, , , , , , , , , , , , , , , , , , , , , , , ,

We have spent the past few weeks in Psalm 90, which extols the Eternal God who is for his people “a dwelling place in all generations.” This same emphasis on the covenantal love and eternity of God is found in Psalm 41:13, the call to worship for this coming Lord’s Day: “Blessed be the LORD, the God of Israel, from everlasting to everlasting. Amen and Amen.” The LORD is at once the God of his people and the God who is from everlasting to everlasting. The eternity of God makes him most trustworthy. He is our home because he is God and eternal. To have communion with God is a rare and peculiar pleasure in itself, but the joy is even keener when we remember the splendorous attributes of this God. He is a God who is tender in love and almighty in power. He is a God who provides his own Son as an offering for sin to justify sinners and a God who is matchless in holy righteousness. Not only do we know this everlasting God through Jesus Christ, he is our refuge and home in Christ. And so let us prepare ourselves to unite our voices in the praise of a thankful blessing to this God who is both loving and eternal.

In the prayer service, we’ll look at another instance of prayer in the book of Acts. We’ll sing the hymn we’ve been learning this month, “How Sad Our State.”

The sermon last Lord’s Day looked at the sin of man and the wrath of God in Psalm 90:5-11. Now, we return to Moses’s prayer for a third sermon, this time considering the covenant love of God. The Scriptures are clear concerning our sinfulness and the just deserts of this sinfulness, death. This grim reality may be considered by some today to be politically incorrect or even offensive, but God’s Word does not stop there. Instead, it only presents the reality of our sin and God’s wrath in order to warn men and call them to eternal life through repentance and faith in Jesus Christ. We see this saving grace of God in the final six verses of Psalm 90. Moses is not content to leave the matter in our futility from sin, but he desires to show how it is that God is the eternal home of his people.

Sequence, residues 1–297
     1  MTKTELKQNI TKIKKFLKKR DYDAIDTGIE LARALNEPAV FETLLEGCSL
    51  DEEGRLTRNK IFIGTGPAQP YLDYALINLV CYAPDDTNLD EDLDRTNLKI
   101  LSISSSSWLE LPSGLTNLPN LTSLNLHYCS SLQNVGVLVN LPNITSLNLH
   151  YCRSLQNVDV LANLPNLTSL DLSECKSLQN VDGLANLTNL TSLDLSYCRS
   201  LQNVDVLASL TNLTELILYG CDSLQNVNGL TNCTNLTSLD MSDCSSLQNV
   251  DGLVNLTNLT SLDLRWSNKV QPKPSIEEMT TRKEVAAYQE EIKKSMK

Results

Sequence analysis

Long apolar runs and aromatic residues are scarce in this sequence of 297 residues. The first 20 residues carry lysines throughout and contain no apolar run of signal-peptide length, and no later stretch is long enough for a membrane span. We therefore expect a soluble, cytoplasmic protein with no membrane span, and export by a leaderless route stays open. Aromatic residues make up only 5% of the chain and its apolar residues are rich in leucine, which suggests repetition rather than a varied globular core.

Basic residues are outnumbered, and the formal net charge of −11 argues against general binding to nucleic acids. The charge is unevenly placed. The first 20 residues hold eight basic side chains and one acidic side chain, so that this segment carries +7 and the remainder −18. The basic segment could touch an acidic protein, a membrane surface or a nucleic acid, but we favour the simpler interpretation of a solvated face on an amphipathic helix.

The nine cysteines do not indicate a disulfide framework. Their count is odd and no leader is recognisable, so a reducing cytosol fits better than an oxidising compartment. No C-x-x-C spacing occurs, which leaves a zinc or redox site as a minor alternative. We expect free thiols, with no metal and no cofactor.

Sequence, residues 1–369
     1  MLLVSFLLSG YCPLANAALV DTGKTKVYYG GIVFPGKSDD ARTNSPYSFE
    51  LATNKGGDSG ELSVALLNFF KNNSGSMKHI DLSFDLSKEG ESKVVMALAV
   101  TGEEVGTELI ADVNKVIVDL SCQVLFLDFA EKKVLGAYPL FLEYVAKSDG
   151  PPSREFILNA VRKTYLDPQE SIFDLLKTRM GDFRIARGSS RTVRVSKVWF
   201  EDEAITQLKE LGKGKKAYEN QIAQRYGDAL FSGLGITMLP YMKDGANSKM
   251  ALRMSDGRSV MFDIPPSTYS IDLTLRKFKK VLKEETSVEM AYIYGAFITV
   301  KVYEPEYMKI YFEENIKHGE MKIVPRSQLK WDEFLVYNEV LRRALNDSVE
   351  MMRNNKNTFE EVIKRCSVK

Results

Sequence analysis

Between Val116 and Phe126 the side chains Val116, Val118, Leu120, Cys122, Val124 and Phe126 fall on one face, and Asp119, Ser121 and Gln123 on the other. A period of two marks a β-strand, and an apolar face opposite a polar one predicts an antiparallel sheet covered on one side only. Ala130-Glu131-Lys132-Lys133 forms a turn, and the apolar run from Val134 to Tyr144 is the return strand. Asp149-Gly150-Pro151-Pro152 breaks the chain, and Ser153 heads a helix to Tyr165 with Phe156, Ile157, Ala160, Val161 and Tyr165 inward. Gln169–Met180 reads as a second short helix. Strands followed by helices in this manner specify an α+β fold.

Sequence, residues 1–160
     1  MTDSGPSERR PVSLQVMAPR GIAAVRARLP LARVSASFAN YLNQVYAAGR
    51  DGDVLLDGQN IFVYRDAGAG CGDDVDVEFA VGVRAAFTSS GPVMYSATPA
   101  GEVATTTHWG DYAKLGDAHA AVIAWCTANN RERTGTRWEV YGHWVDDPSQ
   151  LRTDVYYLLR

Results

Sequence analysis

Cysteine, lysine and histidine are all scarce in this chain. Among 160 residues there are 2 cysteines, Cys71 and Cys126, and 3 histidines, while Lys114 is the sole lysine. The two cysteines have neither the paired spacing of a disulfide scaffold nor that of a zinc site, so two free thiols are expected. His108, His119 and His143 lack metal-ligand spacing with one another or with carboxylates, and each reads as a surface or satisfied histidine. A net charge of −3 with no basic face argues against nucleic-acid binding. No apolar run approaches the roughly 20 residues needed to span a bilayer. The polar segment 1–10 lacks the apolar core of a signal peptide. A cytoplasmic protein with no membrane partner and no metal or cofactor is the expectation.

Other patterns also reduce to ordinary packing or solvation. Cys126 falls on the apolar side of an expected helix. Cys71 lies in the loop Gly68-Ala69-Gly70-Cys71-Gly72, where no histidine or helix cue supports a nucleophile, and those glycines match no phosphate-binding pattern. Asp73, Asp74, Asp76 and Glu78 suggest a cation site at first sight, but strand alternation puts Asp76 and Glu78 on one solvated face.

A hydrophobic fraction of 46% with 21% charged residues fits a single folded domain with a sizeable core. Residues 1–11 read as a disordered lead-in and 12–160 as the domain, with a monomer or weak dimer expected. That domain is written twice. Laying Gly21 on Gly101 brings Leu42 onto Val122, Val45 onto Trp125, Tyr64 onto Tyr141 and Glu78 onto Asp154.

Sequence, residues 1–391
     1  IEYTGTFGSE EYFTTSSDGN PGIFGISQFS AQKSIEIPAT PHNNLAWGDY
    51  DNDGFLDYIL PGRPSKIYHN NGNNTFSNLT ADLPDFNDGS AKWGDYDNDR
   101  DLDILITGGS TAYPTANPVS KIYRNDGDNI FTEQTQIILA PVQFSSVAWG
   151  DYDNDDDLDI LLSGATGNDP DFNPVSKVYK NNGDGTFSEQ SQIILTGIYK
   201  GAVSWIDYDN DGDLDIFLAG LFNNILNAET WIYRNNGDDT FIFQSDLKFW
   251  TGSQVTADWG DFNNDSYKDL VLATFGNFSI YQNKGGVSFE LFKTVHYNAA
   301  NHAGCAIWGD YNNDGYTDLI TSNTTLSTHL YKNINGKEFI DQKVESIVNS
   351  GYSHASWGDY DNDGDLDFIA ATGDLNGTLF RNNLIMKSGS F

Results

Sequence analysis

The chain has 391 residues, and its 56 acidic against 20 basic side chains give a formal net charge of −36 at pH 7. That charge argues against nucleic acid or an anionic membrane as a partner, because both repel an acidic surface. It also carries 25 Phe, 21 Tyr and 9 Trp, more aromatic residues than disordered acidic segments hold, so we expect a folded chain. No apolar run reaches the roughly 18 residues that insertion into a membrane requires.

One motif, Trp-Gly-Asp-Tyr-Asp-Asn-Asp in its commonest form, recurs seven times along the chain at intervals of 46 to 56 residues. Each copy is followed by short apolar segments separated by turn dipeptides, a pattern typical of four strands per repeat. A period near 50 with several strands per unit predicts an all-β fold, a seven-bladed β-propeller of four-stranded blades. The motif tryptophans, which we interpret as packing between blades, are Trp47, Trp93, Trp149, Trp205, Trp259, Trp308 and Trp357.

Worship Service

Call to Worship: Psalm 41:13

Hymn 322 [Red] Praise to the Lord, the Almighty

Congregational Reading: Psalm 41:4-5, 8-12

Doxology: Worcester

Hymn 358 [Red] Jesus, Lover of My Soul

Hymn 189 [Red] The Eyes of All upon Thee Wait



Scripture Reading: Daniel 2:17-49 & Ephesians 2:1-10

Hymn 374 [Red] Our God, Our Help in Ages Past Last week I commented on our use of this hymn and additional verses by Isaac Watts that correspond to the test of Scripture for last week’s message. This week, I am doing the same thing, this time providing in the bulletin the verses by Watts that summarize the teaching in vv12-17. Watts gets at the sense of the passage well. Consider, for example, his paraphrase of v13, which the ESV translates, “Return, O LORD! How long? Have pity on thy servants!” which Watts paraphrases, “Return, O God of love, return; earth is a tiresome place: how long shall we, Thy children, mourn our absence from Thy face?” Briefly, I especially love two things about Watts’s poetry here. First, he picks up on Moses’s use of Yahweh for the name of God in v 13, which he, knowing how that name of God reflects (among other things) that God keeps his promises to his people, renders in the stanza, “O God of love.” Second, Watts turns the Scripture phrase, “How long” to a remark on earth’s tiresomeness. “Earth is a tiresome place: how long . . . ,” Watts writes. That we cry “how long” to God reflects that believers grow weary of this world and long for God instead.

Sermon: The Covenant Love of God from Psalm 90:12-17

Hymn 74 [Red] I Waited for the Lord




After the fellowship meal, we will hold our Quarterly Business Meeting.